However, not all bonds are equal and some are more risky than others. Please read this post on risk and risk tolerance to familiarise yourself with the concept. Because bonds may sometime be long term investments, you need to be sure that the issuer will be solvent and has not gone bankrupt before you can get back your principal.
We are going to see below the different type of bond issuers and see which one is risky and which one is safe. But remember that the riskier the bond the greater the return. So if you are lucky and the bond issuer has not defaulted on you, it would mean that you are going to get a lot of interest or coupon payment along the way and your principal at the end.
Each bond has a rating associated that is provided by rating agencies. These agencies analyse the government and the company and give a rating which is simply their ability to remain solvent until the bond reach maturity. Hence a company/government with a good rating has a small chance of going into default while a poor rating means that the company/government has a good chance of going into default. The following table are the ratings that two main rating agencies associate with bonds and examples of companies.
|Aaa||AAA||Investment|| Highest Quality|
|Ba, B||BB, B||Junk||Speculative|
Investment grade - Major developing countries, multinational, profit making companies,etc
Junk - Loss making companies, third world countries, etc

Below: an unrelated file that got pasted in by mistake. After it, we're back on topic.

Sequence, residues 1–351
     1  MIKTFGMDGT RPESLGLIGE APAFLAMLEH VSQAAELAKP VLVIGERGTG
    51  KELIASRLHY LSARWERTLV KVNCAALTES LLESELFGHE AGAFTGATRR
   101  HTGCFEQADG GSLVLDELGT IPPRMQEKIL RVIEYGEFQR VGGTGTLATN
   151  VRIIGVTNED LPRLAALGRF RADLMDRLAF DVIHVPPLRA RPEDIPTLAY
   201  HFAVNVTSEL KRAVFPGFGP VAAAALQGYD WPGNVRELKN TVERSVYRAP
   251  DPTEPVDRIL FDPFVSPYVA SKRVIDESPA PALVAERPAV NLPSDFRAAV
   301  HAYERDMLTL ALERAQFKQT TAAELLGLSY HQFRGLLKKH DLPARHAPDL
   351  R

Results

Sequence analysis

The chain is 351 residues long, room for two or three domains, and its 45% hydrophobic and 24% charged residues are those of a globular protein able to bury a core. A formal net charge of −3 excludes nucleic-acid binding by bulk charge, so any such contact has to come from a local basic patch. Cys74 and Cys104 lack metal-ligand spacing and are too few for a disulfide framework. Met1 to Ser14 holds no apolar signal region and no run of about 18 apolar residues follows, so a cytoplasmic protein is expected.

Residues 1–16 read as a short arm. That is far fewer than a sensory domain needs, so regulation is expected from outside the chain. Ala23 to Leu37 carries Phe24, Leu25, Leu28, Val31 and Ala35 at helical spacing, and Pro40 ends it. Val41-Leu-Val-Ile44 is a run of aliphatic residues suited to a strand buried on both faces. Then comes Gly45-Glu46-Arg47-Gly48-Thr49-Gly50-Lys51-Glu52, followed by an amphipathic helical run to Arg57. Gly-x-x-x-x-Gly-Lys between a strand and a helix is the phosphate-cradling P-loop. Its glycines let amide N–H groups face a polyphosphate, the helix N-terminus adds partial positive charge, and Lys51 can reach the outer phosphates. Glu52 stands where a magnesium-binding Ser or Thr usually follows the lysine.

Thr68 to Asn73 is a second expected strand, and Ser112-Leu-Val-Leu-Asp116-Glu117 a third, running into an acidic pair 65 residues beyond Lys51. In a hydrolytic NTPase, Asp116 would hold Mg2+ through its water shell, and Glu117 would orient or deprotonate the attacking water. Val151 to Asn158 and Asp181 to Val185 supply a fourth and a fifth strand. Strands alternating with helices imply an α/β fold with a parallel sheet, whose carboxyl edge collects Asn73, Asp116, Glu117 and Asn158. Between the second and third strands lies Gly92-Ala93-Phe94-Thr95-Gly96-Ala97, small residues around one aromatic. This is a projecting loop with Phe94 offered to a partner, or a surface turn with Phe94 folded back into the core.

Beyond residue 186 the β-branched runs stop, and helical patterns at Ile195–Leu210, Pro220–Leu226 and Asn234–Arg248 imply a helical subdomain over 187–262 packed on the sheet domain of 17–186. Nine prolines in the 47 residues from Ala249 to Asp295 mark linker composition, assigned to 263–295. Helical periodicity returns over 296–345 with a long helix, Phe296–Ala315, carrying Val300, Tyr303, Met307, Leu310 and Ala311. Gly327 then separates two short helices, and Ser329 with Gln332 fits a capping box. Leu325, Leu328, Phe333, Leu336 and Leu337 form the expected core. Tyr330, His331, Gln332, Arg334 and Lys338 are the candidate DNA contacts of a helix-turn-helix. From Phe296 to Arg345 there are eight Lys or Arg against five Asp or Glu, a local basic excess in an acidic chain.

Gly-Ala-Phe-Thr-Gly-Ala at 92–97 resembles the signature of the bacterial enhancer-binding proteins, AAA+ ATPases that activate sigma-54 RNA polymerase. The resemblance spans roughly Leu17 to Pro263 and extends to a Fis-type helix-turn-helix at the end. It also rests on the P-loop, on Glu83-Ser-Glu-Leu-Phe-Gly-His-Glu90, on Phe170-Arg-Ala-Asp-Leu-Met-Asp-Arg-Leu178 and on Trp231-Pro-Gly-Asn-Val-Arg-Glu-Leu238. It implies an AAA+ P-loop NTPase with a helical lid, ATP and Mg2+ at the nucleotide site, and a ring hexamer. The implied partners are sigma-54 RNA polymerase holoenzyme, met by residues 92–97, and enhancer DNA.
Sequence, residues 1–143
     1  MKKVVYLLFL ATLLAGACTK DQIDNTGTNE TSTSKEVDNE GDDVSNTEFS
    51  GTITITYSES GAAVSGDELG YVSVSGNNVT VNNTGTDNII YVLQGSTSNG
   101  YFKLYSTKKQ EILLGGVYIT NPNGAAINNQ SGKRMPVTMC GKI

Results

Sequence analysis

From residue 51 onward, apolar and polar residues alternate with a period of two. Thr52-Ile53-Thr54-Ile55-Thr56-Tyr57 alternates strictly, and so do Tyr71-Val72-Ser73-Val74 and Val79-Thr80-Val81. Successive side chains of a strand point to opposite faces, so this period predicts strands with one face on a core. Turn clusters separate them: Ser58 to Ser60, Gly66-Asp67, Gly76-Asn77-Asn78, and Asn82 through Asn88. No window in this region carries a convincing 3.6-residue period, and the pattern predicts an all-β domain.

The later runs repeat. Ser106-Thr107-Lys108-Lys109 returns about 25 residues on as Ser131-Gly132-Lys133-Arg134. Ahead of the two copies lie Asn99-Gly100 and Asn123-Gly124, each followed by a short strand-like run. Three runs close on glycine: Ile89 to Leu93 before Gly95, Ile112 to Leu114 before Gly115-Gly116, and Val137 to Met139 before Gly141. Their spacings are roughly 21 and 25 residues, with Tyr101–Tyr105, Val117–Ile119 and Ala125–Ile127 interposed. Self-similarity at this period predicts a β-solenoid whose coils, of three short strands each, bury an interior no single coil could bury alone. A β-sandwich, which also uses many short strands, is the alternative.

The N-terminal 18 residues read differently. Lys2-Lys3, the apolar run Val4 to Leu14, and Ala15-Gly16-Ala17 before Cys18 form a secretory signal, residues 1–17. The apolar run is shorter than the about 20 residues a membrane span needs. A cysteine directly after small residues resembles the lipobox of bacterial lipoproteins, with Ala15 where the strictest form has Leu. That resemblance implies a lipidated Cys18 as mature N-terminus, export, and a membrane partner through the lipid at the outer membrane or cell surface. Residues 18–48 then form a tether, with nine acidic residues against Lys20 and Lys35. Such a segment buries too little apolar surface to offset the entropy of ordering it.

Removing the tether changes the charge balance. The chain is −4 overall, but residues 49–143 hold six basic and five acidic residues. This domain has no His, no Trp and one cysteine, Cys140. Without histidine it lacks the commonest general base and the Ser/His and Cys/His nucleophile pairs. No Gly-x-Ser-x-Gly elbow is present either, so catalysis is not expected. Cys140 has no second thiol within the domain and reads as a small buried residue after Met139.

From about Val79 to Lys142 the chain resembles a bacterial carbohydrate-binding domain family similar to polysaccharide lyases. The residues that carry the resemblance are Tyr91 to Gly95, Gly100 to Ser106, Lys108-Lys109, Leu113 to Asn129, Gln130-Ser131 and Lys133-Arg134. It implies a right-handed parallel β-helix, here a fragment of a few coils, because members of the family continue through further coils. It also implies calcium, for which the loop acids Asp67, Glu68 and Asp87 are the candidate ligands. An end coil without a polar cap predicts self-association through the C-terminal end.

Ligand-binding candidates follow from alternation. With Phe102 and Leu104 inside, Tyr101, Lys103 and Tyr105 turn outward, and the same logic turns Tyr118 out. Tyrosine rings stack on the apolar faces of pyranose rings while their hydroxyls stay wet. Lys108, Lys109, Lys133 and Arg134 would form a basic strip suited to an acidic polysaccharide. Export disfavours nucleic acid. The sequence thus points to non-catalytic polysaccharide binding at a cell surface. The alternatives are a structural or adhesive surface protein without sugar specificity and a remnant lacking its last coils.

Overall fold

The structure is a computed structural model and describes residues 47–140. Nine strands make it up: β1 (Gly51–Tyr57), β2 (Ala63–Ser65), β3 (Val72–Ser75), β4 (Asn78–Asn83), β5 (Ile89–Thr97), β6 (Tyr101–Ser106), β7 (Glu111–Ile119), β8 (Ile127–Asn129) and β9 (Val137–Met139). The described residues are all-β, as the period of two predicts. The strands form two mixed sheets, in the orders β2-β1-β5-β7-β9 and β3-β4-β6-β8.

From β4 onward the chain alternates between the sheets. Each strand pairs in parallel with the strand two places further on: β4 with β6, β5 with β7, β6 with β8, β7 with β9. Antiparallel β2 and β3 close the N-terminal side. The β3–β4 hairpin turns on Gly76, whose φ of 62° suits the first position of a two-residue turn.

Generally as the bond moves from the highest investment grade to the bond grade rating, the interest rate increases. This is because the company/government issuing the bond has a greater chance of going into default and as a result you must be compensated for the risk that you are taking.
1. Government Bonds
These bonds are issued by government to finance budget deficit. This takes place when government has less tax than the money they want to spend. Generally governments obtain money by raising taxes and as a result the possibility that a government will default on its bonds is low. However with countries like Zimbabwe the possibility of default is quite high. However for most developed countries bonds are quite safe. As a result of this the interest rate on government bonds is quite low with practically no risk premium.
Even though the yield is low, it is generally advised to invest at least 10 % of your money in government bonds to minimise the risk of losing all your money in a stock market crash.
2. Municipal bonds
These bonds are the second safest behind government bonds because towns and cities can also raise taxes. However they have a lesser number of tax payers and as a result the have a higher chance of going into default. It may happen on the long run that the population of a town decreases and make the servicing of its bonds difficult. A more recent example is the towns in Michigan that are having lower population because of the demise of the car industry. Hence because the bond is a little bit more risky, the yield on it is higher. It is therefore advisable to have some municipal bonds in your portfolio. May be in the form of muni index fund.
The corporate bond is the most risky of all bond. The bond is the second way that a company can raise fund. One is to issue stock and the other is to issue bonds. You can read about the difference between bonds and stocks here. The reason why corporate bonds are the riskiest is because companies goes bankrupt every year. They cannot raise taxes like municipalities or governments.
As a result corporate bonds offer the highest yield. However in order to minimise risk, you need to diversify your corporate bond portfolio. Read here on diversification. Better still, if you are unable to diversify a bond portfolio by yourself invest in a corporate bond index fund.
Do you have any question on bonds or want to share your experience? Leave a comment below.
What is a bond?
Stocks have higher return than bonds
Introduction to diversification
What is a bond ladder?